224 – On Asian Sensations: Triptych 34

I haven’t been writing something related to food since I reviewed UCC Clockwork at Vertis North last month. Life has been, admittedly, rather uneventful; still depressed yet still trying to keep up. Nevertheless, let me make up for that slump with this new triptych.

The restaurants I will be featuring here were originally slated to be full reviews. But given these factors – I’m rebuilding my savings, I’m still laptop-less after two years, and I’m still working on posts related to my Singapore trip with my younger brother earlier this year – full restaurant features would be an impossibility. Besides, triptych posts require the same amount of effort as entries focusing on one establishment. Finding a common theme that links three restaurants is equally challenging – and today’s entry links three Asian restaurants I’ve visited recently.

Without further ado, let’s proceed.

Gilmore Avenue is well known as a hub for computer parts and accessories. But tucked among the shops selling computer paraphernalia is a small, homey joint serving Chinese specialties that don’t burn a hole in the pocket. What’s more, this joint is but a stone’s throw away from Robinsons Magnolia.

The Big Little Store at the corner of Gilmore and 1st Avenue caters mainly to the Filipino-Chinese community in the New Manila area. Whether it’s a cooked meal or ingredients for the next banquet favorite, The Big Little Store never fails to deliver. It has specialties very suitable for both vegans and meat-eaters, with orders usually costing around P100-P120. (Each order can feed two people!) What I liked most about The Big Little Store, however, is its well-stocked array of Chinese cooking sauces and ingredients, fresh produce, even traditional medicines used by generations of Filipino-Chinese families!

The Big Little Store
G/F Gilmore IT Center,
1st Street cor. Gilmore Avenue
Brgy. Valencia, New Manila, Quezon City 1112

From its humble start at The Podium’s Corner Market Food Hall, Easy Tiger has now opened a full-service restaurant in Eastwood Mall. This sister restaurant of Jatujak and Tamarind serves Issan-style Thai cuisine, recognized for its rather fiery flavor.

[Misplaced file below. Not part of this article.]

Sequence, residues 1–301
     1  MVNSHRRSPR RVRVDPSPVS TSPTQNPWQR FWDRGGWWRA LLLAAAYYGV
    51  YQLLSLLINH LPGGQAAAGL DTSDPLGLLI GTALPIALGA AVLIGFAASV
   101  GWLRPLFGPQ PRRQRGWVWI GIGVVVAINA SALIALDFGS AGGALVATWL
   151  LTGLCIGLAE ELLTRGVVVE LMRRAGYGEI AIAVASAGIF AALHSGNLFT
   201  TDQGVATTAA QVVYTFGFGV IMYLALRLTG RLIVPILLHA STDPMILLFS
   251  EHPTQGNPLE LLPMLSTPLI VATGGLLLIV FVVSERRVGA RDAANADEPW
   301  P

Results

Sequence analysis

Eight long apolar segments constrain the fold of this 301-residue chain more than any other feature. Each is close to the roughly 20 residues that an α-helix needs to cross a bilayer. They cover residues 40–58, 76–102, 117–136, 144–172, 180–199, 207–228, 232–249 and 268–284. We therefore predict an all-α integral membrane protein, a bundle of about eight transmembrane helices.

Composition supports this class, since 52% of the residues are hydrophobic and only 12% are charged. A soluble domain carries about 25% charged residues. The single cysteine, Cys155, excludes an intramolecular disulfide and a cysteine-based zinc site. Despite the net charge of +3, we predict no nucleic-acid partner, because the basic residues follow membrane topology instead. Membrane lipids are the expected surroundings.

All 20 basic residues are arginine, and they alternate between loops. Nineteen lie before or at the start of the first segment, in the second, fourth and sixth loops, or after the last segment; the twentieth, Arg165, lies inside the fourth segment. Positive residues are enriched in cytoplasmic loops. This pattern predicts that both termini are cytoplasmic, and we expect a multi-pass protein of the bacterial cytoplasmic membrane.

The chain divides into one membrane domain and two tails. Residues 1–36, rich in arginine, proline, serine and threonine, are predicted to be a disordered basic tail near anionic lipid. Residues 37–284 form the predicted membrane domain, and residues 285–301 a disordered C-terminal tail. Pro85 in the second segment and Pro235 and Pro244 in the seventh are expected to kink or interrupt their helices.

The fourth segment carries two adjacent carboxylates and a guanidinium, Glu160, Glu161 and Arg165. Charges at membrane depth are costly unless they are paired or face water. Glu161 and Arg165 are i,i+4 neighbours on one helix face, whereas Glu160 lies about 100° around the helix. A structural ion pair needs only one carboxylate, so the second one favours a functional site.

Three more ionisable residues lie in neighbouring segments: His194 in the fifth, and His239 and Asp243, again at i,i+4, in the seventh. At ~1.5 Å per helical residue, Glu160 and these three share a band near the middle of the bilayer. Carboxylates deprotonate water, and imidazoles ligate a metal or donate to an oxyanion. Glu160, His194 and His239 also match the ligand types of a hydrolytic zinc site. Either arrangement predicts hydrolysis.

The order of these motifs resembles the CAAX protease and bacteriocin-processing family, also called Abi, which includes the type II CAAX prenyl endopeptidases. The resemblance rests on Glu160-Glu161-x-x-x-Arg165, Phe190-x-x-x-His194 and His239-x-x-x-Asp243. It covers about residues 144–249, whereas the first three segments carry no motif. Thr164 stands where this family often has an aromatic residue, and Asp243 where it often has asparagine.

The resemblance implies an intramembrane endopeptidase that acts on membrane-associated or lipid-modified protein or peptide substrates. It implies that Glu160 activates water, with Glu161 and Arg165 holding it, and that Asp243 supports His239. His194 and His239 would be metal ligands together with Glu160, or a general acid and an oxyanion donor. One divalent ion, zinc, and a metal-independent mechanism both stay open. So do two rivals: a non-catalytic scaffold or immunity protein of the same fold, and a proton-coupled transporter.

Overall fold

Easy Tiger occupies what used to be Kettle’s old space at the mall’s ground floor. More dishes can be ordered here compared to the Podium stall, given that this is a full-service restaurant. The Knockout Specials (rice meals with free soup and green papaya salad) remain part of the menu – as these are popular lunch choices for the Ortigas crowd. I did not find out the Easy Tiger-Tamarind-Jatujak connection until I noticed two things: one of the kitchen staff was wearing a shirt with the Tamarind restaurant logo on the back, and the iced coffee looked similar to what I tried in Tamarind’s SM North EDSA branch!

Easy Tiger
G/F Eastwood Mall,
Eastwood City, Bagumbayan,
Libis, Quezon City 1110

Originating from Hong Kong, dessert place Hui Lau Shan generated a lot of hype with its entry to the Philippines in February of this year – courtesy of Josiah Versoza and his siblings (of Josiah’s Catering.) Hui Lau Shan’s claim to fame is its liberal use of Philippine carabao mangoes for its signature specialties like the mango sago, mango mochi, and mango coconut drink line.

Most of Hui Lau Shan’s initial branches were based in the central Manila malls, so I was relieved when they finally opened a branch in SM Fairview (which is nearer to me.) This northern branch is situated at the new Fairview Towers / Parkway building at the back of the main mall. It’s good that Hui Lau Shan opened up north to satisfy Northerners’ mango cravings! Here’s a little tip: when ordering their drinks, get 50% sugar (or less), as the mangoes they use are sweet in themselves.

Hui Lau Shan
LGF The Parkway, SM City Fairview
Regalado Avenue cor. Quirino Highway
Brgy. Greater Lagro, Quezon City 1100

I hope I whetted your appetites with this triptych. Until the next post, bon appetit!


4 thoughts on “224 – On Asian Sensations: Triptych 34

    • Indeed. A lot of new establishments have partnered with known names here in our shores, and existing ones have diversified their menus to fit the discerning taste buds of the new generation.

      Still, nothing beats the good ol’ classic restaurants and their time-tested recipes!

  1. Pingback: 240 – On A Corner Market Lunch: Triptych 39 | The Monching's Guide

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